Since this spring the Hinesburg company that makes wind power measurement devices, was forced to layoff more than 30 workers -- almost a third of its workforce. For CEO Jan Blittersdorf, who's been with the company in one form or another since its inception 30 years ago, its been a trying time. "We've had a pretty good 30 year run of steady growth, steady employment growth and it was just heart breaking, frankly, to have to change course and lay people off," she said.
When the great recession hit in 2008, sales plummeted. Since then the company has fought back, refining its wind measurement devices, and last year introducing a new line of solar measurement tools. But the potential expiration of the Production Tax Credit remains a major hurdle. The federal incentive set to expire at the end of this year has played a pivotal role in the development of wind farms in Vermont and around the country. But with its renewal stalled in Congress, it has left wind manufacturers guessing.
"If you're a developer, and again we serve developers, your not going to start a project if you have no idea what going to happen down the pike," Blittersdorf said.
Despite the challenges, Blittersdorf has taken a two tier approach to stay competitive--diversifying the product line to sensors that monitor turbine health. "Our system not only tells you how its operating today, it also helps you predict the maintenance that you might need going forward," she said.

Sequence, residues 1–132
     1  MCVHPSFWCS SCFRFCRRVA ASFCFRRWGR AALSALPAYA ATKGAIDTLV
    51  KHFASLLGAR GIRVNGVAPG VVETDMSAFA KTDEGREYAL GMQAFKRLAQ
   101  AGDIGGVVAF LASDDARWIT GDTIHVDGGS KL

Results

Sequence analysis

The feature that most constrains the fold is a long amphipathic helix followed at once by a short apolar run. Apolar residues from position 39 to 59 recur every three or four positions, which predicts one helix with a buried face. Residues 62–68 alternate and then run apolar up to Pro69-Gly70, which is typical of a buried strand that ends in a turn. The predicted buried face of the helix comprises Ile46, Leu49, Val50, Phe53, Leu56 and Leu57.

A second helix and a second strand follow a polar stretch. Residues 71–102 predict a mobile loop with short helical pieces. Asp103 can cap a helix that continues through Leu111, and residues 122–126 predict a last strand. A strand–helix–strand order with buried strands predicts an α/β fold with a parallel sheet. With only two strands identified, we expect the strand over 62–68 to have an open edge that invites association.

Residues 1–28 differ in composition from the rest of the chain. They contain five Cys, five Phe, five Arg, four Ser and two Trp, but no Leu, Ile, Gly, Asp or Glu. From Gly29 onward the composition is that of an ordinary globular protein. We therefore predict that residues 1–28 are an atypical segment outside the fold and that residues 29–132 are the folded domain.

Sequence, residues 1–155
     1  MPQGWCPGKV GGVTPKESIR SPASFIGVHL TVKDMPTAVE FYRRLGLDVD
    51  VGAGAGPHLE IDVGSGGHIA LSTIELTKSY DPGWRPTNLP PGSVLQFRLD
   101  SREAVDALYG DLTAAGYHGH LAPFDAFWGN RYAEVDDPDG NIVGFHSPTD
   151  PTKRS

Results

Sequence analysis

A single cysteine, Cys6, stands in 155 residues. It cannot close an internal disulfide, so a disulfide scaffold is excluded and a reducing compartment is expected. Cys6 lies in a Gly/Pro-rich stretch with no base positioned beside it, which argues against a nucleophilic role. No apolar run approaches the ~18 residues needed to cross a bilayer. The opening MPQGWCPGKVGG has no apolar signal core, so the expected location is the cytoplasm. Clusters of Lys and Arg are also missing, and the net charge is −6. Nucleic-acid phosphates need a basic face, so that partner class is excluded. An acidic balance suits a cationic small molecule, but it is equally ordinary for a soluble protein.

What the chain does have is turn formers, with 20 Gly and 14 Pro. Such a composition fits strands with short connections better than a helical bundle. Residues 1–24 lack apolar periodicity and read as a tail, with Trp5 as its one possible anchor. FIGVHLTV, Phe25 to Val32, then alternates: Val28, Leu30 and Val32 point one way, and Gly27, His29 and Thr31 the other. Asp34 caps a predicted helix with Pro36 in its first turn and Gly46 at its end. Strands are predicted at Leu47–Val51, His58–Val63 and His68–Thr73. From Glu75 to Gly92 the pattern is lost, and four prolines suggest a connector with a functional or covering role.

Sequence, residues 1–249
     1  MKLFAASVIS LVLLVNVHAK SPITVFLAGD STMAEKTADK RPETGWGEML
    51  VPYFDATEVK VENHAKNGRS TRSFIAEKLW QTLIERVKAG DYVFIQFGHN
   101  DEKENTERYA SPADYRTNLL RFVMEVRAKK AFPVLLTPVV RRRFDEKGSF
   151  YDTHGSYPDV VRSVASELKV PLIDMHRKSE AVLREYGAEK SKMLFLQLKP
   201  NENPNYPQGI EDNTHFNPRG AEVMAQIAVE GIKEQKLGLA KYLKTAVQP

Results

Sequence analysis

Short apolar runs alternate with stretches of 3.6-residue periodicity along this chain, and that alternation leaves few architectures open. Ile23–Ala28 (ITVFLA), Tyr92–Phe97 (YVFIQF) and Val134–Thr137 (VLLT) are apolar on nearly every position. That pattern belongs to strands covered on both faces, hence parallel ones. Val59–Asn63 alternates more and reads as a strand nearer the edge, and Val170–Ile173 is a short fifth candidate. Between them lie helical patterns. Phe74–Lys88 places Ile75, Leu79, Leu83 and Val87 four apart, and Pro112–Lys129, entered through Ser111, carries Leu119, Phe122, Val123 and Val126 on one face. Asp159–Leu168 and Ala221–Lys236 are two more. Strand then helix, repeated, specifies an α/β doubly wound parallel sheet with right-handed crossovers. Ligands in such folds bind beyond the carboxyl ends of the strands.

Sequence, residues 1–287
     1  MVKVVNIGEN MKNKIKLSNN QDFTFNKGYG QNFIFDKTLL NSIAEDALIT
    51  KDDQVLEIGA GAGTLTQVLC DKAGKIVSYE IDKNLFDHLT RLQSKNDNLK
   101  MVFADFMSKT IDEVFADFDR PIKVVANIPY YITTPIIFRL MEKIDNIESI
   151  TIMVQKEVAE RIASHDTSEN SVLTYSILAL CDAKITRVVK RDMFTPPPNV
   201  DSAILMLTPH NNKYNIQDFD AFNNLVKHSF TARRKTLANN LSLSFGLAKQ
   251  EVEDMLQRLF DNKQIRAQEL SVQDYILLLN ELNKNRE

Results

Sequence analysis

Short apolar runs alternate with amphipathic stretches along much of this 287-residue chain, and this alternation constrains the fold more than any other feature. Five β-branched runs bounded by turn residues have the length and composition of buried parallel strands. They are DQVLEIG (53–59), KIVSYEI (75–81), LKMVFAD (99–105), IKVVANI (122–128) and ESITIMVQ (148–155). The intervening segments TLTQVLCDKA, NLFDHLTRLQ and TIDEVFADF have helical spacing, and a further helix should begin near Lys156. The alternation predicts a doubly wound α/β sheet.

The company is even branching out to solar power assessment devices that measure if a site is suitable for a solar farm.
Unlike other domestic wind power companies that are hobbled by shipping large parts like turbines and blades, Blittersdorf said, NRG's product line is nimble enough to reach an emerging international market -- places like Africa and South America. "The hope for us is in a couple of things -- we're an exporter. We export to over 150 countries and we have been exporting since the 1980s, so we know how to do it," Blittersdorf said.
Experts say in the long run, NRG and others in the industry should be able to weather the current downturn no matter what happens in Washington. "These tax credits come and go all the time," said Gary Flomenhoft, a Fellow at The University of Vermont's Gund Institute. "It's a global industry and companies that are international, only a small part of their business is in the United States, so they can ride out their ups and downs I think -- some companies better than others."
"The way I look at it now, for a period of time, until this uncertainty passes, we're going to be smaller and stronger -- and we've done the work we needed to do as hard as it was, as heartbreaking as it was -- to get there and we're definitely at a more stable place," Blittersdorf said.
Despite uncertain economic times in the industry, NRG has its finger to the wind.
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